Once you’re with the gorillas, however, the experience is every bit as wonderful as you’ve heard, and if I based my review on the hour spent with the gorillas alone, then Volcanoes National Park would be hard to top. And of course, Volcanoes has more to offer than just gorillas and it’s these other activities that perhaps reveal the best of the park – tracking golden monkeys, bird watching, visiting local communities and, best of all, tough hikes to the misty summits of volcanoes.

This is one of the best parks in Africa if you allow sufficient time to partake in the broader range of activities on offer. The gorilla tracking itself is amazing, and with its upmarket accommodation and ease of access, it’s best suited to those who want a taste of the African rainforest without too much discomfort.

Expert
Philip Briggs   –  
South Africa ZA
Visited: Multiple times

Philip is an acclaimed travel writer and author of many guidebooks, including the Bradt guides to Uganda, Tanzania, Kenya and South Africa.

Gorillas in the Mist
Overall rating
5/5

Protecting the Rwandan portion of the majestic Virunga Mountains, Volcanoes National Park warrants a five-star rating simply for its incredible scenery and the opportunity to track mountain gorillas in the wild – arguably the single most reliably rewarding wildlife experience Africa has to offer. I've tracked gorillas more than five times in this park, and every experience was different, but it is always an amazing and unforgettable day out.

Another highlight for wildlife-lovers is a day hike to track a 100-strong troop of habituated golden monkeys. This strikingly marked species is listed as endangered and its main stronghold is the Virungas, due to deforestation elsewhere within its restricted range. As is the case with mountain gorillas, the favorite diet of golden monkeys is young bamboo shoots, and you almost invariably find them in the bamboo zone when suitable food is available. At other times, the monkeys often forage outside the park to raid crops, and this – to my surprise – is where we found them on our most recent visit. I was also struck by how much more habituated the golden monkeys are now than they were a few years ago.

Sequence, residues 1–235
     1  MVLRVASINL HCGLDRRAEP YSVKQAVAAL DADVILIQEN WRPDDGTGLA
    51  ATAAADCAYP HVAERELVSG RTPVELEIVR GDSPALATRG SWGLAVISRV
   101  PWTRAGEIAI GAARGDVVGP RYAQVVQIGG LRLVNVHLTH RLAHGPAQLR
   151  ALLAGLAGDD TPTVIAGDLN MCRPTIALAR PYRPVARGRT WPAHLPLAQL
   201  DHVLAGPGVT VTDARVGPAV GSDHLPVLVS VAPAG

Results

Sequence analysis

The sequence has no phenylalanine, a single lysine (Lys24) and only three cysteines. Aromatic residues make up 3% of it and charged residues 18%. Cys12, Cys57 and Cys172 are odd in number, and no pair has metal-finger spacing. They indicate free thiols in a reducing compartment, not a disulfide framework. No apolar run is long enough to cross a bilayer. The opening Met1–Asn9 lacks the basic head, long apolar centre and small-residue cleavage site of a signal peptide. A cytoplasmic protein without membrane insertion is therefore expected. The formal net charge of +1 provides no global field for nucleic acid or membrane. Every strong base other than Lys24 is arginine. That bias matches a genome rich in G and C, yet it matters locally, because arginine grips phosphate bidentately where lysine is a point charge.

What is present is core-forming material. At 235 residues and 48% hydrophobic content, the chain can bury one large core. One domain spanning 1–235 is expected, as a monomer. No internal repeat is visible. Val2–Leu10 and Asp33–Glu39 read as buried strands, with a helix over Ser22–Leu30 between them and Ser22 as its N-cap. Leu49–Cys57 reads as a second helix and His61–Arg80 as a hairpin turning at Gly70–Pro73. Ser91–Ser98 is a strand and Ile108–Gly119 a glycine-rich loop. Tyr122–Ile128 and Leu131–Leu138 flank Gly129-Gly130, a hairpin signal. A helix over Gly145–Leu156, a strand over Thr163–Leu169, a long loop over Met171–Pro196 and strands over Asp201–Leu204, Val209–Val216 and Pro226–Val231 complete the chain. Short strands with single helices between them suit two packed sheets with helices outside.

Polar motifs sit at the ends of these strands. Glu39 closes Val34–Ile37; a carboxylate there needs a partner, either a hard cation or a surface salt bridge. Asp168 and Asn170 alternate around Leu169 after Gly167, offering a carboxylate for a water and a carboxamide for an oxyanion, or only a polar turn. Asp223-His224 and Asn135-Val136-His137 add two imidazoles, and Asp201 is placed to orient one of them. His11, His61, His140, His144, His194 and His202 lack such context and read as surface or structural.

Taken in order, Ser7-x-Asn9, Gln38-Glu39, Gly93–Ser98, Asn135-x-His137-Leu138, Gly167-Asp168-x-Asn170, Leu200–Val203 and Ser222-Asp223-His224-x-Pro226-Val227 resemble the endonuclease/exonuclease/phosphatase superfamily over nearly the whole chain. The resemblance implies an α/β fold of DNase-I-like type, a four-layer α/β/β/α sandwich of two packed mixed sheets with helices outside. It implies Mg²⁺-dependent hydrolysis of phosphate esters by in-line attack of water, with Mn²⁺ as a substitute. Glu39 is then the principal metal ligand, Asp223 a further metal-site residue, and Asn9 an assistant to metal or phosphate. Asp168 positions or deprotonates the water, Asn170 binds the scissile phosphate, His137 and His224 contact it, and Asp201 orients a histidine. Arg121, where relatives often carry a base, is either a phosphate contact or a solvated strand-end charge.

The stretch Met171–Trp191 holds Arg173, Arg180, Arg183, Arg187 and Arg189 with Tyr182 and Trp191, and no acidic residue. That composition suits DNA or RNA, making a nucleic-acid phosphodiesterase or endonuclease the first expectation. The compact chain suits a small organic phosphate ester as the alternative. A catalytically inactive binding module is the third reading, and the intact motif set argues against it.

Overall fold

Other activities are the relatively undemanding hike to Dian Fossey’s old research center and grave, and more demanding day or overnight hikes to various volcanic summits (most notably Bisoke with its gorgeous crater lake). The park still hosts small numbers of elephant and buffalo, as testified to by fresh droppings on the forest trails, but these are seldom seen. Likewise, while it has enormous potential as a birding destination, this is largely unreleased in practical terms, and birders wanting to see a good selection of forest species associated with Rwanda would be better off heading to Nyungwe or Gishwati-Mukura.

Expert
Stephen Cunliffe   –  
South Africa ZA
Visited: March, July and November

Stephen is a travel writer and avid conservationist whose work appears in prestigious magazines such as Africa Geographic and Travel Africa.

Mountain gorillas, trekking and birding
Overall rating
5/5

Volcanoes National Park is the Rwandan sector of the 8000km² Virunga massif. The greater conservation area encompasses six active and three extinct volcanoes, straddling the borders of Rwanda, Uganda and the Democratic Republic of Congo. The mountain gorillas move freely between the countries, with the greatest number of habituated groups residing in Volcanoes National Park, making Rwanda arguably the best place in Africa to go gorilla trekking.

With the 2017 gorilla census revealing a total mountain gorilla population of just over 1000 of these engaging primates in all of Africa, gorilla trekking is truly one of the ultimate life experiences. Rwandan gorilla permits aren’t cheap at $1500 per trekker, and your permit allows just one priceless hour in the company of these great apes, watching the gorilla family interact, eat, play, tease, sulk, doze and groom each other. Sitting quietly among a family of these gentle giants is a bucket list experience for any serious wildlife enthusiast: it is an extraordinary hour that you will remember forever.

While the gorillas are the star attraction at Volcanoes, there are also golden monkeys, birding walks, forest and waterfall hikes, mountain climbing (including an overnight hike up the 3800m Karisimbi volcano) and – for the less active – luxury lodges with comfortable views of the gorgeous mountain rainforest scenery.

Average Expert Rating

  • 4.4/5
  • Wildlife
  • Scenery
  • Bush Vibe
  • Birding